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Mutambara feeds us Alphabetti Spaghetti PDF Print E-mail
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Saturday, 08 January 2011 22:53

Vigil comment on the deposition of Mutambara. Our view of Mutambara was articulated 5 years ago in the following article and we have seen no reason to revise our opinion. 

Mutambara feeds us Alphabetti Spaghetti
Comment on
London meeting of 9th May 2006
 

While Morgan Tsvangirai has been braving the heat of the kitchen in Zimbabwe his rival Arthur Mutambara has been dining in the US on Malcolm X, accompanied by a vintage Che Guevara.  These were the fashionable (well, 30 years ago) names he offered at his London meeting when asked who had inspired his new political career.   Some of us expected heroes closer to home.  Mandela for instance.  But it tells us quite a lot about Mutambara and his political philosophy: from the head and not the heart, opportunist and morally vacant.   

A forceful speaker and commanding presence, Mutambara looks the part but his strategy sounded like the Alphabetti Spaghetti we used to feed our children: pasta shaped into letters and drowned in tomato sauce.  Straight from the tin.  The easy option.  Not very healthy - full of e-numbers.  And the letter E was as far as he got in articulating the way forward for Zimbabwe.  (Even our children got to Z.)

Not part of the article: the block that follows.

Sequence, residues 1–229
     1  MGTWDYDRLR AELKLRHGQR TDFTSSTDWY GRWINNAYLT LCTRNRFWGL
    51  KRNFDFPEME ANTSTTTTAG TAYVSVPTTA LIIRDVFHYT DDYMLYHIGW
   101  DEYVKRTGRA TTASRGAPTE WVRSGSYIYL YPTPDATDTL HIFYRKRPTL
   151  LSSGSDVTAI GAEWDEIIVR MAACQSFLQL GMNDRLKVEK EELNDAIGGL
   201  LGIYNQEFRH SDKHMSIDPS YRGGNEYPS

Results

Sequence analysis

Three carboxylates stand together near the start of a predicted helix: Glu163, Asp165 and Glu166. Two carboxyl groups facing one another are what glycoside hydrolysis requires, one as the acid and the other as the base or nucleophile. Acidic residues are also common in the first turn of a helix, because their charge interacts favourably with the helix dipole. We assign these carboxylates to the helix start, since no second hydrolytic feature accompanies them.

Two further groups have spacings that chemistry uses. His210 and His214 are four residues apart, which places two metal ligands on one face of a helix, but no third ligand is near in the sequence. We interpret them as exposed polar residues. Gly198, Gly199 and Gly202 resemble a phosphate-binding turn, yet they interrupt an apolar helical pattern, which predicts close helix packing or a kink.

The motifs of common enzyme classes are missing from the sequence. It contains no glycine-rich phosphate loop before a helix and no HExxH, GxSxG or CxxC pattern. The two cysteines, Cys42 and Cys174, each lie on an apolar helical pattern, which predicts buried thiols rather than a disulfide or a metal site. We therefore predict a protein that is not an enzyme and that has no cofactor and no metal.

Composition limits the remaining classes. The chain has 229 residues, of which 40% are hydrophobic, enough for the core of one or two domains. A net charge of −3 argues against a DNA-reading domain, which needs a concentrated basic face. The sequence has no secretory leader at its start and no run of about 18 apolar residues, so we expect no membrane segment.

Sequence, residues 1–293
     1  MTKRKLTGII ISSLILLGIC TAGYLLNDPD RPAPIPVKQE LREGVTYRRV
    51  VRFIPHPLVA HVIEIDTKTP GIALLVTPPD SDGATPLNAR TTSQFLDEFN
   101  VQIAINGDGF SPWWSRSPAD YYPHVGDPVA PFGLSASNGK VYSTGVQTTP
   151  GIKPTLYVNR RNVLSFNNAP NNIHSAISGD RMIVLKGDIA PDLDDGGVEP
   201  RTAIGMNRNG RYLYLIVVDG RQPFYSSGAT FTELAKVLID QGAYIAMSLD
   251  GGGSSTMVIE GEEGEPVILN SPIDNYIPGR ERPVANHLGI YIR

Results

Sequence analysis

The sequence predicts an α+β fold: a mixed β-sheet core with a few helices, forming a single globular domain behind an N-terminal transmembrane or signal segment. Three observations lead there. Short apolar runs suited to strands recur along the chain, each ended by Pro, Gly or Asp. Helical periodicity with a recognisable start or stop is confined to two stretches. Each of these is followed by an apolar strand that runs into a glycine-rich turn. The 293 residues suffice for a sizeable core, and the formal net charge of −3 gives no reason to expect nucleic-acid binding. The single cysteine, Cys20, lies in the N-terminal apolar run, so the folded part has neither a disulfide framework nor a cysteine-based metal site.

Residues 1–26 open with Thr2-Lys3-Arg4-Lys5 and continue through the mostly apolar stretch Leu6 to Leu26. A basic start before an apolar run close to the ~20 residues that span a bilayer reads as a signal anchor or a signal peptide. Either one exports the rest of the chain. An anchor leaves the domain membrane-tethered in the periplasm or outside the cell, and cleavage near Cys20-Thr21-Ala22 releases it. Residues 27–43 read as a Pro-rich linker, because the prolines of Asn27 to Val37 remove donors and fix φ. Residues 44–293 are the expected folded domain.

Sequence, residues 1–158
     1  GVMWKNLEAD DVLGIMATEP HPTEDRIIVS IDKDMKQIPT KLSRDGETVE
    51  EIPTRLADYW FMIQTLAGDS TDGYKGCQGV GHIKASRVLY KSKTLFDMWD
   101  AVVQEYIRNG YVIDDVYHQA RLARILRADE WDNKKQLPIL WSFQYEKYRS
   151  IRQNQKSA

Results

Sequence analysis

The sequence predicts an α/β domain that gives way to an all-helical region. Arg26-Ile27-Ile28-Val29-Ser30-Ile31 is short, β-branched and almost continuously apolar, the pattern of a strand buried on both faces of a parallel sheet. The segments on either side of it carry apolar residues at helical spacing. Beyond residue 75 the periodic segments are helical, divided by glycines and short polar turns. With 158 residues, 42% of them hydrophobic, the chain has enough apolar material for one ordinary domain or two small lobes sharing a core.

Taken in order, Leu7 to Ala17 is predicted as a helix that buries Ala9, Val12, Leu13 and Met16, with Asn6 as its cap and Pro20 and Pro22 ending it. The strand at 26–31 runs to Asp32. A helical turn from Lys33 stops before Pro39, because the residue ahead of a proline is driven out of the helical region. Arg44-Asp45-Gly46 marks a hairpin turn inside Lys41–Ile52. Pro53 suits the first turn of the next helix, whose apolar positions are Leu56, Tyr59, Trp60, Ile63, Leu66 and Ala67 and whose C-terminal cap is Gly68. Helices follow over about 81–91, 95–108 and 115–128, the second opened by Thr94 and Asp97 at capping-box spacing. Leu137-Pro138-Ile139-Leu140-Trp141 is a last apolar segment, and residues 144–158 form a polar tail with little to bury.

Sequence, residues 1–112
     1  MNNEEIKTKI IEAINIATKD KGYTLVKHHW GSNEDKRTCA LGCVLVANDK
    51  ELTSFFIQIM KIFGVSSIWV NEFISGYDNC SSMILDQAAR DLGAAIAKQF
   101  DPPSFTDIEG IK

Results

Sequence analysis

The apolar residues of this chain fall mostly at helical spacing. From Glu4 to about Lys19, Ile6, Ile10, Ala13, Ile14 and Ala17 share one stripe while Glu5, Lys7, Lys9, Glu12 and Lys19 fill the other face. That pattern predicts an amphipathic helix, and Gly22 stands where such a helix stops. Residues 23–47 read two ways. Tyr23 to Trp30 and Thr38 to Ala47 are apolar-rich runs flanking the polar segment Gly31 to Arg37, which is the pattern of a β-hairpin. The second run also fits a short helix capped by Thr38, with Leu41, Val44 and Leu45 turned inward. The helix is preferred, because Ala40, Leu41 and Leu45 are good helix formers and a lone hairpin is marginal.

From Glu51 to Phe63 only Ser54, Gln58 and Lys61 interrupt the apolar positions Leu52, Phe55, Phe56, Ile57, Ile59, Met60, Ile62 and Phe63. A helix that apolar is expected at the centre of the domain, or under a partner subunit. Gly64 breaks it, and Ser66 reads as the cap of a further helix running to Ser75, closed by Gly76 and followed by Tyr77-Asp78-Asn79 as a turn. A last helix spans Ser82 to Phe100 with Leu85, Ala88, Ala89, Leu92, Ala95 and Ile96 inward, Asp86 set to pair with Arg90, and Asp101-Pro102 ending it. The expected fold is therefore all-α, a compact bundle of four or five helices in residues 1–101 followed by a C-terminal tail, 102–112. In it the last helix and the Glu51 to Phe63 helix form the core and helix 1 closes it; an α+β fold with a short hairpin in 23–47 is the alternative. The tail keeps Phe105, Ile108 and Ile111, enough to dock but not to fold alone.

Mutambara’s big idea was as soggy as spaghetti.  We will contest the elections in 2010, he said, but we will identify the methods Zanu-PF has used to rig the elections of 2000, 2002 and 2005 and work to counter them.  Where has he been? Downing too many Che Guevaras?  He seemed not to know that the MDC has identified exactly how the voting has been rigged and has been challenging this in the Courts since the year dot. 

Should this strategy fail, the Mutambara Party will have not only a Plan B, but a Plan C, D and E ready to put into effect.  Of course he couldn’t divulge them to the 250 or so people present.  They would have to take their Alphabetti Spaghetti on trust.  But some people were hungry now.  They complained they couldn’t wait until 2010.  Would Zimbabwe still exist then or would everyone be in Jozi or Unit K?  Mass action, jambanja, the audience demanded.  He insisted it must be constitutional and democratic.  Not much sign here of Malcolm X and Che Guevara. 

And even Plan A began to look like Alphabetti Spaghetti in the sky when he let slip: “South Africa will turn a blind eye to vote rigging if they think we are not ready for government, or even help the rigging.”  Mutambara seems to have been told by Mbeki how to behave in grown-up African politics: Tell the West they are strategic partners (ie give us money) but remember we are a sovereign state and can do what we like (ie ignore neo-colonialist human rights).  And remember stick together at all costs.  Mutambara seems to have taken this to extremes already (“Mugabe has put in many years of work.  He will be judged very favourably by history.”) 

Every bit as economically illiterate as Mugabe, Mutambara came up with the inspired idea of asking our friends in China to invest in Zimbabwean factories so we can export Japanese technology to the world (putting Chinese workers out of jobs).  “We want to be equal to the EU and America in 20 years,” he declared.  His Pan-Africanist rhetoric may endear him to the political dinosaurs of Africa but will they attract Western investors?  “No puppetry,” thundered the robotics professor.  Talking of puppets  . . . . 

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